Brawn GP, 2009 Australian Grand Prix – Melbourne
Granted, the Brawn GP team did not spring forth onto the F1 stage out of the blue in 2009 for it was stemming out of Honda’s previous works team, the Japanese constructor having pulled the plug in the wake of two dismal campaigns.
Ross Brawn, who had served as Honda’s technical director, did not want to see the team disappear. For lack of a buyer, the former Ferrari man took over the squad, named it after him, kept Jenson Button and Rubens Barrichello as the driver line-up and managed to secure a Mercedes power supply.
Brawn GP’s silver bullet – the double diffuser –, which Button and Barrichello immediately put to good use in Australia
As early as pre-season testing, Brawn GP stunned the F1 paddock, with the white and neon yellow-liveried BGP 001 showing blistering pace thanks to its controversial double diffuser. Other teams did not wait long before lodging an appeal with the FIA but the sport’s governing body ruled the device legal.
Brawn locked up the front row at the season-opening race in Australia, with Button and Barrichello enjoying a substantial margin over their competitors around the Albert Park Circuit.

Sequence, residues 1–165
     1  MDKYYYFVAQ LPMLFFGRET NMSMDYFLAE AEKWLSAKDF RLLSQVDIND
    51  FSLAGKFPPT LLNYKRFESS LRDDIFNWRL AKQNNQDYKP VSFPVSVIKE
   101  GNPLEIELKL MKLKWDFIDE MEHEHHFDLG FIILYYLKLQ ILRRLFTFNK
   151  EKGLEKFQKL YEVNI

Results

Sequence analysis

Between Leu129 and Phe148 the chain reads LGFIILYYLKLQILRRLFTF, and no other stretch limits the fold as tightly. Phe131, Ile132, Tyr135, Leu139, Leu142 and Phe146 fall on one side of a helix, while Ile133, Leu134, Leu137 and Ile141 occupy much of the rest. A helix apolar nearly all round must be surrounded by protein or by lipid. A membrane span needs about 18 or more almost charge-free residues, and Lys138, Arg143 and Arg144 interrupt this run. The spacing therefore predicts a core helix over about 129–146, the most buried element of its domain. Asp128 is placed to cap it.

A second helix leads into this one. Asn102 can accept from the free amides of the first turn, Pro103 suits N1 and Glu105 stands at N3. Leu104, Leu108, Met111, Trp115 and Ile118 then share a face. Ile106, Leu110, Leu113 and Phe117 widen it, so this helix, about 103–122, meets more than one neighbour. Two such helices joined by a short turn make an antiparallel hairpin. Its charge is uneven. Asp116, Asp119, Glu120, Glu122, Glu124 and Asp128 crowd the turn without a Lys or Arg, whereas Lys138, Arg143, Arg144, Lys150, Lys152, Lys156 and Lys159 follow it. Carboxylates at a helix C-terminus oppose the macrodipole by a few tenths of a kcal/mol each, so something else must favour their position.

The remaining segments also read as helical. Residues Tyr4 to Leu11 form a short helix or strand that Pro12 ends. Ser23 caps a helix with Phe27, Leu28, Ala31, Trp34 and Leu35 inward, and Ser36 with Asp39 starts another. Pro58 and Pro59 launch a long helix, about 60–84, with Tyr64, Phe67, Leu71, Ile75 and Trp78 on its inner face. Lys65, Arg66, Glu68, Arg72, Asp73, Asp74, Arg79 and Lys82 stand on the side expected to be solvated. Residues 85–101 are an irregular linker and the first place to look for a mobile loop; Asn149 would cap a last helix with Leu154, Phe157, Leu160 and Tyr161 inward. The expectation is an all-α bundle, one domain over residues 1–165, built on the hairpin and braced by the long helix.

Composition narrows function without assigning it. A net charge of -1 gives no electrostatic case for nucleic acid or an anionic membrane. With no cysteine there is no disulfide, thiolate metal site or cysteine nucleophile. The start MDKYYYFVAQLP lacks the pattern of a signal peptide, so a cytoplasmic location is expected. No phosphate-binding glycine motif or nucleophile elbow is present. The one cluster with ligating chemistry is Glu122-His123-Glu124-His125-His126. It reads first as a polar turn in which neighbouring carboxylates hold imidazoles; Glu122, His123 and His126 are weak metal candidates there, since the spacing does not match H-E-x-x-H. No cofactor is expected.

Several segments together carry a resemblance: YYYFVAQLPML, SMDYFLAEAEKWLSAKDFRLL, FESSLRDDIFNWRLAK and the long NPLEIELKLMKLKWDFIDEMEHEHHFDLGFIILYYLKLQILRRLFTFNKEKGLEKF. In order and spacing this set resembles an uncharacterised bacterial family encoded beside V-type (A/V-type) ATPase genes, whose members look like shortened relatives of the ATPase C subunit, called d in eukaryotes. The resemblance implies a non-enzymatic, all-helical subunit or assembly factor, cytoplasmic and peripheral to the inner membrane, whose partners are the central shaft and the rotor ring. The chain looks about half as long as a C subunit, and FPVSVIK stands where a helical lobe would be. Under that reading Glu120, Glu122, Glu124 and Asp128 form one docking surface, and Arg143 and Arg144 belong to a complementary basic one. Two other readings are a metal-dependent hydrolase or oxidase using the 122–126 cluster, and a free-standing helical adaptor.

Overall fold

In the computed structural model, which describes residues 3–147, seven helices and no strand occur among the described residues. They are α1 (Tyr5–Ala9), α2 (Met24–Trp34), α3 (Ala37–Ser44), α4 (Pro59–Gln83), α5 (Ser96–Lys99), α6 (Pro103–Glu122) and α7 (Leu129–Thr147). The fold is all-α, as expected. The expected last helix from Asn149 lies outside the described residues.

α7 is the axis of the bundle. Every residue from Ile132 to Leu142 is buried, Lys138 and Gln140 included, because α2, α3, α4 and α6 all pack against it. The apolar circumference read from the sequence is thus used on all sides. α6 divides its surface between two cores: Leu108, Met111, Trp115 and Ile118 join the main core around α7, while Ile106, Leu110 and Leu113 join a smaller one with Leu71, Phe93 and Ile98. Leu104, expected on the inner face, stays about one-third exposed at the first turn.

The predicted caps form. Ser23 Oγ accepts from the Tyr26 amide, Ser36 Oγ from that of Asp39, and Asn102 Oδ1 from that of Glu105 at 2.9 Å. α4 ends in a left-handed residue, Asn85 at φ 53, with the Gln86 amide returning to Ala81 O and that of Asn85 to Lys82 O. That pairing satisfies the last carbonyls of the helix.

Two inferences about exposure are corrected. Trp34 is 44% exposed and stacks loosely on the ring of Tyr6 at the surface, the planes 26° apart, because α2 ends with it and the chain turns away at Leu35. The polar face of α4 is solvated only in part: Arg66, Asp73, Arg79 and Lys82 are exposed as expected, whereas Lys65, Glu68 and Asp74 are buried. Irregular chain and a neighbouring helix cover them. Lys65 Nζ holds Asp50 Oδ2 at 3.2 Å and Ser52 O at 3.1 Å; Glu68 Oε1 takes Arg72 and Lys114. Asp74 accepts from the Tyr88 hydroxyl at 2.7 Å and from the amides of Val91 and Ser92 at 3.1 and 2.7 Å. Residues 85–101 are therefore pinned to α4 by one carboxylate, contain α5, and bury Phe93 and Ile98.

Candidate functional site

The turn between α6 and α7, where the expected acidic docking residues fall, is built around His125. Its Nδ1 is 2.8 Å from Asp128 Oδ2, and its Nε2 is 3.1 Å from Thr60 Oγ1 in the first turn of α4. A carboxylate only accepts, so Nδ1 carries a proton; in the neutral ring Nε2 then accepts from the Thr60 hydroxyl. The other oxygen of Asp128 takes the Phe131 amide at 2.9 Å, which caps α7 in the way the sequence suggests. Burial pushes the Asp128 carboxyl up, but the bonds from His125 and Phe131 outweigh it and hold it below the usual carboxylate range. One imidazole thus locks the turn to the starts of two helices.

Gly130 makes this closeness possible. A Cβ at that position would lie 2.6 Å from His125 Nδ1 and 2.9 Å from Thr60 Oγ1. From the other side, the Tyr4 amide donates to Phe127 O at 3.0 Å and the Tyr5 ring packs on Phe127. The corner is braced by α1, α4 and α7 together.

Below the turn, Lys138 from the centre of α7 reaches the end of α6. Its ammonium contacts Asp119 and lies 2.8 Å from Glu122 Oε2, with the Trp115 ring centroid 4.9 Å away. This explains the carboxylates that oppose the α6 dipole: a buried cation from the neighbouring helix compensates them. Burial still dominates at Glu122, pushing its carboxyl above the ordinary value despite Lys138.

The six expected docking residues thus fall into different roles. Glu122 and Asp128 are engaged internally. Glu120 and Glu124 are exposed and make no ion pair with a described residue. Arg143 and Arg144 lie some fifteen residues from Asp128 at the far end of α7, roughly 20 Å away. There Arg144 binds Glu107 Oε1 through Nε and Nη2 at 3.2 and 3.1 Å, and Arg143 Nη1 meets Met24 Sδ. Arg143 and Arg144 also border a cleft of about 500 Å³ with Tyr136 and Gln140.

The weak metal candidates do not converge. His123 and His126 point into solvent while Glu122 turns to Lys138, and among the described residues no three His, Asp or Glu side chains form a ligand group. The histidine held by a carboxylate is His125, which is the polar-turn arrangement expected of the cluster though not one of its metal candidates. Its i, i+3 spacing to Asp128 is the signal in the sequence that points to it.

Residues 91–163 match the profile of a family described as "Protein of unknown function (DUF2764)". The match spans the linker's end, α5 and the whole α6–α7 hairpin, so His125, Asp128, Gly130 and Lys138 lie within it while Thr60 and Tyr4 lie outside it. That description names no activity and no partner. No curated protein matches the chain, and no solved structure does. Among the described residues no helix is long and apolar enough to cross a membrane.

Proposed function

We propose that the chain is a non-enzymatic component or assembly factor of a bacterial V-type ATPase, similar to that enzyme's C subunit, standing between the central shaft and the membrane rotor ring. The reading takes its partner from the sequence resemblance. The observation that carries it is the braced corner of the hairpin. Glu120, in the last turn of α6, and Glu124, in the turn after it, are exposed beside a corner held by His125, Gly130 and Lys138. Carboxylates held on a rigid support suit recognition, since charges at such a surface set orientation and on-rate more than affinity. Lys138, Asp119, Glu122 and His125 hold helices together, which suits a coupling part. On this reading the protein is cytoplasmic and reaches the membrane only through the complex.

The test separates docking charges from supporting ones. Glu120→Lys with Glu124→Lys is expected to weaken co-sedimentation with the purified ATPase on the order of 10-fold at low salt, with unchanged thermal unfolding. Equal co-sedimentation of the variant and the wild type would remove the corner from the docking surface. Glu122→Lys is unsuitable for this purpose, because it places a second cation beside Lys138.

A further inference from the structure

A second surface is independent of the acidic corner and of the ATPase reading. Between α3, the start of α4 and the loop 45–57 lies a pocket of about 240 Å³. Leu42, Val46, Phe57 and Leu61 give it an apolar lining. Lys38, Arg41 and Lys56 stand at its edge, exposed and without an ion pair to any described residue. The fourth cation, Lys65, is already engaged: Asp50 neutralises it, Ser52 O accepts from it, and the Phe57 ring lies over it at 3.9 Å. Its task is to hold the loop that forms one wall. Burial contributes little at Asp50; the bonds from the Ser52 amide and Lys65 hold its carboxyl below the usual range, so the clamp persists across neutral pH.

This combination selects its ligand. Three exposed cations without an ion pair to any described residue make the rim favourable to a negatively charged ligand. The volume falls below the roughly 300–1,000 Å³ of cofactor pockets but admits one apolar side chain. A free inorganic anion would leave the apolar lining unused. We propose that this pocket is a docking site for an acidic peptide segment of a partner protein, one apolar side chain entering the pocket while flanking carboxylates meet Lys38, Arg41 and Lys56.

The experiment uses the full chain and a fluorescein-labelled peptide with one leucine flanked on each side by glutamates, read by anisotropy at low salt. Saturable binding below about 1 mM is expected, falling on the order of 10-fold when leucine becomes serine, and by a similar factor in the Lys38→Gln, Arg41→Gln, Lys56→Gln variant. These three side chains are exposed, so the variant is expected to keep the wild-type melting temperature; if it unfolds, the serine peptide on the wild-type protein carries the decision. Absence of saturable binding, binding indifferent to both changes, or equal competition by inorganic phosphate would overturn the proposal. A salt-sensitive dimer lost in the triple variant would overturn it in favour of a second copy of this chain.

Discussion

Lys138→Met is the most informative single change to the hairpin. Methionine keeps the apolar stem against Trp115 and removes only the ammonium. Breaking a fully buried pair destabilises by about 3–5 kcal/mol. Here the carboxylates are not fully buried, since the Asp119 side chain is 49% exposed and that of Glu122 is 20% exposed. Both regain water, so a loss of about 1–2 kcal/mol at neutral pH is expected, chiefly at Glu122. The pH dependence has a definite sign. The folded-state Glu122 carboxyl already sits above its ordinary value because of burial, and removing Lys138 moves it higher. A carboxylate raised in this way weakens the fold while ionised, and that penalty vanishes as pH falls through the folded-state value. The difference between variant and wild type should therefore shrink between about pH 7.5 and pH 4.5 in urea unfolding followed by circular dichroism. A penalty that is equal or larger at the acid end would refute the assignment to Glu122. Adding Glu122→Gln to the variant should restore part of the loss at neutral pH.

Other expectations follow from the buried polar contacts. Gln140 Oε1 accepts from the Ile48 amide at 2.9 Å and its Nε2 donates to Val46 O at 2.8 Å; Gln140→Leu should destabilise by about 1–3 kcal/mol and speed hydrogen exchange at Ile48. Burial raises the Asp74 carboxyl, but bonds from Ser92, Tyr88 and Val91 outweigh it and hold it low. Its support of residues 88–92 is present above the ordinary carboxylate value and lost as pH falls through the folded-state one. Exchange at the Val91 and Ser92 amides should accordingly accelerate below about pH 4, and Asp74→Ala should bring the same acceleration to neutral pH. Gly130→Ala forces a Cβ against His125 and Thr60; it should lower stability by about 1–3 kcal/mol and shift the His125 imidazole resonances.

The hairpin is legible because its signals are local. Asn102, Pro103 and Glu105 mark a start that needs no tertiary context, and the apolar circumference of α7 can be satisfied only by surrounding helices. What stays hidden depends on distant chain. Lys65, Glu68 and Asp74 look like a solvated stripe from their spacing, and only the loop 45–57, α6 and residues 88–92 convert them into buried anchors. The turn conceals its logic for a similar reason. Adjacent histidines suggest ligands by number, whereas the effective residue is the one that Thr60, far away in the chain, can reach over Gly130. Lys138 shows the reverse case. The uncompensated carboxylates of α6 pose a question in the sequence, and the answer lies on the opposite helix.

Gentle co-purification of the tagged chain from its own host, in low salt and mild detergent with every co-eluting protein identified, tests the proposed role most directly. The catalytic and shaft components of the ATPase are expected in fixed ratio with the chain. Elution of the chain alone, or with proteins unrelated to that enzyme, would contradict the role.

On race day, pole sitter Button quickly disappeared into the distance to record a lights-to-flag victory, while his Brazilian team-mate ensured an incredible 1-2 finish for Brawn. But the Brazilian veteran had to work for it, recovering from a sluggish getaway and taking advantage of Red Bull’s Sebastian Vettel and BMW-Sauber’s Robert Kubica colliding and crashing out of the race two laps from the end. The ensuing Safety Car period failed to mask Brawn’s dominance in Melbourne, as Jarno Trulli claimed third for Toyota.
Button rode the Australian GP momentum, winning six of the first seven races to build an early and ultimately unassailable title lead. However the competition, most notably Red Bull, caught up with Brawn by Silverstone in adding the efficient double diffuser to their challengers.
While Barrichello returned to winning ways in Valencia and claimed another popular victory in Monza, Button failed to add to its tally but his consistency proved enough to fend off Vettel’s challenge.
Brawn’s success was total with the team also beating Red Bull to the Constructors’ championship, which made it an enticing prospect for Mercedes. The German manufacturer bought Brawn GP out to return as an F1 constructor ahead of the 2010 campaign. And the rest, as they say, is history.